Estimated reading time: 10 minutes
Can you imagine it? The moment you’ve been waiting for arrives! You endure your last push, feel the relief of your baby exiting your body, and hear that sweet newborn cry for the first time. Your baby is finally here! You’ve probably pictured this moment countless times, but have you thought much about what comes next? The first 60 minutes of your newborn’s life are nicknamed “the golden hour.” This golden hour after birth is an invaluable time for you and your baby. Let’s talk about this precious hour, so you can prepare for the magic that comes after hearing that first little cry.
Table of contents
- What is the Golden Hour After Birth?
- What Happens in the Golden Hour?
- What Are the Benefits of Skin-to-Skin in the Golden Hour?
- Special Circumstances for The Golden Hour
- How Do I Prepare For the Golden Hour?
What is the Golden Hour After Birth?
The golden hour isn’t necessarily exactly the first sixty minutes after birth; it’s the first hour or two after your baby is born. It ends when your baby completes his first feeding and falls asleep. Ideally, your baby will be dried off after birth and immediately placed naked against the skin of your abdomen or chest. Except in cases of health issues, most babies become alert and ready to breastfeed during the golden hour (2). Plan to hold your baby skin-to-skin, uninterrupted, for the entire golden hour through the end of your baby’s first feeding.
During this time, you and your baby do the following:
- Help each other stabilize after labor and delivery
- Get to know each other outside the womb
- Establish a breastfeeding relationship
What Happens in the Golden Hour?
If left uninterrupted, newborns typically follow a step-by-step process during the golden hour after birth. Although there are average time frames for each step, there is no rush! Don’t try to force feed your baby, but prepare to support her in eating when she’s ready (1). The golden hour after birth is a time to gently transition your baby into this new world, so let her go at her own pace (which might be a little faster or a little slower than what is listed below.) Throughout the golden hour, try to simply enjoy holding and comforting your baby.
After your baby is born, she will be dried off. A diaper and hat can be put on her. She will be placed belly-down on your bare abdomen and chest, so that she has full skin-to-skin contact with you. A warm blanket will be placed over both of you. Your baby will relax for a few minutes (2; 7).
Next, your baby will become active. She might open her eyes, respond to your voice, and show small movements in her head, shoulders, and mouth. After several minutes, she will begin to make sucking movements with her mouth as her rooting reflex takes hold (2; 7). She might need to take breaks with all of this activity! Expect your baby to have periods of activity and periods of rest throughout the golden hour (2).
The Newborn Breast Crawl
About 35 minutes after birth (remember, these times are estimates; your baby’s own schedule is just right) your baby will become more active as she tries to find your breast. It may appear that she is trying to wriggle her way toward your breast (2; 8). This is called the newborn breast crawl. Once she finds your breast, she may rest there and begin to familiarize herself. She might nuzzle or lick your breast (2; 8).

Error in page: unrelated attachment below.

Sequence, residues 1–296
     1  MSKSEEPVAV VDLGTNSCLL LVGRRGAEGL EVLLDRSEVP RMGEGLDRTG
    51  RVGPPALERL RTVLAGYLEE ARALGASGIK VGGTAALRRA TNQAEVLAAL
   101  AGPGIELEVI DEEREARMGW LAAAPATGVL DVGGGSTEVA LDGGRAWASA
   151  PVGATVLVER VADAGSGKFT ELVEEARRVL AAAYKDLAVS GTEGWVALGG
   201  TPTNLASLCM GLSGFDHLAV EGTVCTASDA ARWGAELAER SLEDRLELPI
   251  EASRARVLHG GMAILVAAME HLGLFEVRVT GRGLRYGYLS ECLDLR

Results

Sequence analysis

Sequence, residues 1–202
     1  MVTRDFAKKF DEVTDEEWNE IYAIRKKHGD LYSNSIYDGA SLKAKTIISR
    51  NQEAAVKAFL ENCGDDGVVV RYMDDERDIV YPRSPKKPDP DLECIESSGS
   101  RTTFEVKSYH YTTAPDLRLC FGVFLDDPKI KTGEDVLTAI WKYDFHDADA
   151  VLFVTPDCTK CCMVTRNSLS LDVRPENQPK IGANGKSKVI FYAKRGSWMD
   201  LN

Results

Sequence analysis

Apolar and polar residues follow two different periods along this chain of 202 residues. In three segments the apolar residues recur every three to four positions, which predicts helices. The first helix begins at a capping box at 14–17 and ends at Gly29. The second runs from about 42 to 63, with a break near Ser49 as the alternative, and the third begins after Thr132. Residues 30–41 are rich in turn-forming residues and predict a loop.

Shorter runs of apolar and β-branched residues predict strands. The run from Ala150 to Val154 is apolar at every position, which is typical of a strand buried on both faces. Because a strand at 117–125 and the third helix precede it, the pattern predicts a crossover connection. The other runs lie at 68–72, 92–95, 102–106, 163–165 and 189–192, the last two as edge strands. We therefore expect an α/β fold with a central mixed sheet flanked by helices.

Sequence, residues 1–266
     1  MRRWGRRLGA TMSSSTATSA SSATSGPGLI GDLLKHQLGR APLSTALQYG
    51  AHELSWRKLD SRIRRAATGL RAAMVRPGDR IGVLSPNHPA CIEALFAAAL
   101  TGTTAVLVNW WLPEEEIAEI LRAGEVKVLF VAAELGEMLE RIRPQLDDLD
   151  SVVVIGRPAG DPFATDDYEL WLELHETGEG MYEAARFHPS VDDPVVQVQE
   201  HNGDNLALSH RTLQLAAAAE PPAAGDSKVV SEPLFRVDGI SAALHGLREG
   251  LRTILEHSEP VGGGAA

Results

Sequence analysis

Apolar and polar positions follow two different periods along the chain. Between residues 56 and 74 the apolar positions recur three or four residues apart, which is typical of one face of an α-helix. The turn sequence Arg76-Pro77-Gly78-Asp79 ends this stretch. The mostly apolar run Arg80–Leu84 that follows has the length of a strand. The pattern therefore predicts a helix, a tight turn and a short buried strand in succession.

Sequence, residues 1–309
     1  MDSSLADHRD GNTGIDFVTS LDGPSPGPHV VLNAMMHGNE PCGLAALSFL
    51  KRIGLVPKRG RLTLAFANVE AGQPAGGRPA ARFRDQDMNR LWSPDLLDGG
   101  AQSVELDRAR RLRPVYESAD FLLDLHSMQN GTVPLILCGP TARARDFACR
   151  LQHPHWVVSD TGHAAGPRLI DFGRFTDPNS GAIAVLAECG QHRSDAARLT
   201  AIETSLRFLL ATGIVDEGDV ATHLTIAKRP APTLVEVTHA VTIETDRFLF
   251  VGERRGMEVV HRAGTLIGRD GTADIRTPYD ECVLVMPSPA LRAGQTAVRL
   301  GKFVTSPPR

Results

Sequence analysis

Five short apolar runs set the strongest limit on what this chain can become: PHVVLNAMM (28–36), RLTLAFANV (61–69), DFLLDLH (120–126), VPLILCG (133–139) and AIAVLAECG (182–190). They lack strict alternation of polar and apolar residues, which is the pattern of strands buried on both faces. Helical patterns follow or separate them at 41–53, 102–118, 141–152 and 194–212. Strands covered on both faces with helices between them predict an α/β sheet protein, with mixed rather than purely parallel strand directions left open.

Within the first hour after birth, your baby will probably try to self-attach to your breast and begin to suck (2; 8). You may need to help guide her or have help repositioning to help her get a deep latch.
Do not stress about the perfect first breastfeeding! The golden hour is not a time to perfect your technique. It is a time to try and relax, let your baby take the lead, block out any busyness around you, and ensure your baby feels loved (5; 6). Hospitals and birth centers have lactation consultants available if you need help in those first couple of days, and even the nurses who work on maternity wards tend to be experienced at helping with basic breastfeeding support, but in this golden hour, you’re not looking to get everything just right.
Once your baby breastfeeds for a period of time, she will detach from your breast. Then, she will be ready for a good nap! This usually happens about 1 ½ – 2 hours after she is born (2; 3; 8). You should get some rest too! After that first active hour or two, your baby will probably be pretty sleepy for the next 24 hours. Doctors recommend that you breastfeed your baby every 2 – 3 hours around the clock, so you might need to gently wake her up to eat.
Unless there is a medical reason, this crucial skin-to-skin time should be uninterrupted from birth until your baby finishes her first feeding. You can deliver your placenta while holding your baby. Your baby’s first assessments (where she is given Apgar scores) can be done while you are holding her skin-to-skin (1; 7; 8). Baths, eye ointment, shots, visitors, or anything else that would interrupt the golden hour can wait until after your baby finishes her first feeding (1).
What Are the Benefits of Skin-to-Skin in the Golden Hour?
Holding your baby skin-to-skin uninterrupted for the golden hour after birth has vast benefits for you, your baby, and your breastfeeding success (4). As you read these benefits, I’m sure you’ll understand why this hour is so magical!
Benefits for Mom
- Boosts mom’s confidence in her ability to breastfeed and care for her newborn (3)